Rice Creek Watershed

This map depicts all of the watershed districts in the state of Minnesota. The Rice Creek Watershed District (RCWD) is approximately 185 square miles of urban and rural land in Anoka, Hennepin, Ramsey and Washington Counties. Portions of the district can be found in: Arden Hills, Birchwood Village, Blaine, Centerville, Circle Pines, Columbia Heights, Columbus, Dellwood, Falcon Heights, Forest Lake, Fridley, Grant, Hugo, Lauderdale, Lexington, Lino Lakes, Mahtomedi, May Township, Mounds View, New Brighton, Roseville, Saint Anthony, Scandia, Shoreview, Spring Lake Park, White Bear Lake, White Bear Township and Willernie.

On more than one occasion, area city administrators have attended Rice Creek Watershed District (RCWD) Board of Managers meetings to voice their concerns with the proposed 2020 budget and tax levy.

That list includes Centerville City Administrator/City Engineer Mark Statz, Circle Pines City Administrator Patrick Antonen, Lexington City Administrator Bill Petracek, Lino Lakes City Administrator Jeff Karlson and Mounds View City Administrator Nyle Zikmund.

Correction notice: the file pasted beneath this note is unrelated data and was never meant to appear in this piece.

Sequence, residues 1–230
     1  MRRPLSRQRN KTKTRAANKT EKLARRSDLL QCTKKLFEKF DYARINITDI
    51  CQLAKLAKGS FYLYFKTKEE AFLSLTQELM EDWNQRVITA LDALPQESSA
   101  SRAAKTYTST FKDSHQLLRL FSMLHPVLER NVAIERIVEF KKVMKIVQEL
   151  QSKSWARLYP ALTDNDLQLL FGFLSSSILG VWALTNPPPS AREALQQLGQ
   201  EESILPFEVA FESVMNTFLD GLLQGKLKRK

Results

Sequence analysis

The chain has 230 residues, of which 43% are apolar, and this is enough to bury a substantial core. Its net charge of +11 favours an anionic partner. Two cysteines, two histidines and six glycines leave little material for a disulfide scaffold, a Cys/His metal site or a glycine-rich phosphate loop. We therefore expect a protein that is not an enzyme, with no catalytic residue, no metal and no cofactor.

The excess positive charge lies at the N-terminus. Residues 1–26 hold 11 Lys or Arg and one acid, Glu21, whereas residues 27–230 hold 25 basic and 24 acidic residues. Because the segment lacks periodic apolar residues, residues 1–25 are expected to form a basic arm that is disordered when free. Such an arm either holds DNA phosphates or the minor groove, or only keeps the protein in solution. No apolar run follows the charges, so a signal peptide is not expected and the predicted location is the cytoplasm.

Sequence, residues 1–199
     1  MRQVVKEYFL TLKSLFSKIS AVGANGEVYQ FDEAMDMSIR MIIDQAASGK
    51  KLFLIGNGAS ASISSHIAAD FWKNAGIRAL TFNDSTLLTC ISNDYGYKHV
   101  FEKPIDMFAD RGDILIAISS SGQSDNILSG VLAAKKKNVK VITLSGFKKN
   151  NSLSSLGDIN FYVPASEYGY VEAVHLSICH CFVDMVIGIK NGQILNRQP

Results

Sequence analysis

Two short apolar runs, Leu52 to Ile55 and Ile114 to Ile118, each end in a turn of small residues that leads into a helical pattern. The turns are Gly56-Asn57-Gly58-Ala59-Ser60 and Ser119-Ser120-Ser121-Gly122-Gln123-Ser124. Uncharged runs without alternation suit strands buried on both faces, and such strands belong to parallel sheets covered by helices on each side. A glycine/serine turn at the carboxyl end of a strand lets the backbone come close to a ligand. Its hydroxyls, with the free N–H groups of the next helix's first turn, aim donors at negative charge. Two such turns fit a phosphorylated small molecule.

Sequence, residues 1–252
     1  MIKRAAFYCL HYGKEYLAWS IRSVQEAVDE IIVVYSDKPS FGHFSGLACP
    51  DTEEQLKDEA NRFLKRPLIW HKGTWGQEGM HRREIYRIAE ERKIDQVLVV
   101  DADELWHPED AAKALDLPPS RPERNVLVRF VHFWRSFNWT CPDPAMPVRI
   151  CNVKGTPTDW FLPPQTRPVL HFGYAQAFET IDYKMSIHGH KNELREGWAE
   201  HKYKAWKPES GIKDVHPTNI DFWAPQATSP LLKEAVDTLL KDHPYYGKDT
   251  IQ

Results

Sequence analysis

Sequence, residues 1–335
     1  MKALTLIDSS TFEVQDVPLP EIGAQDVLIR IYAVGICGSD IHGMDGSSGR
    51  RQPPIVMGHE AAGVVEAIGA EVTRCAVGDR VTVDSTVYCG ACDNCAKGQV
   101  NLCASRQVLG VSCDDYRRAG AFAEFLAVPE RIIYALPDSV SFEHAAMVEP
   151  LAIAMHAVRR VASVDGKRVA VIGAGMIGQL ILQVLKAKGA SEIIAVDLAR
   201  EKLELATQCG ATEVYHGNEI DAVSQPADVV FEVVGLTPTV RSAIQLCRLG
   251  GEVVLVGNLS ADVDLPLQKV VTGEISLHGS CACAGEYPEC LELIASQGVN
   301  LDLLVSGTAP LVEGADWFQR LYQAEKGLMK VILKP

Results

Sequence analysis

“The district is working hard to balance fiscal responsibility with the responsibility we have to our residents to provide services for water quality and flood control. We believe the new budget reflects the priorities of the watershed management plan,” said RCWD Communications and Outreach Coordinator Beth Carreño.

The 2020 proposed budget is $8,186,939, with a total levy of $5,181,376, higher than the 2019 budget of $7,345,030 and levy of $4,710,392. “The owner of a $200,000 home would pay an estimated total of $37.92 to the RCWD in 2020. This amounts to an estimated $1.11 increase from what was paid on a $200,000 home in 2019,” Carreño explained. 

During the public hearing on the proposed budget and levy Aug. 28, Statz read aloud a letter he submitted to the board the day before the meeting. It read, in part, “We understand that the board will 

be contemplating a 10% increase to the levy, while spending down a significant portion of its excess fund balance. This increase alone is concerning, paired with last year’s 7.5% increase. Additionally, residents of Centerville and others within the Centennial School District will see significant increases in their taxes due to a recently passed school levy. We ask the board to consider reducing this year’s increase to a more modest amount.”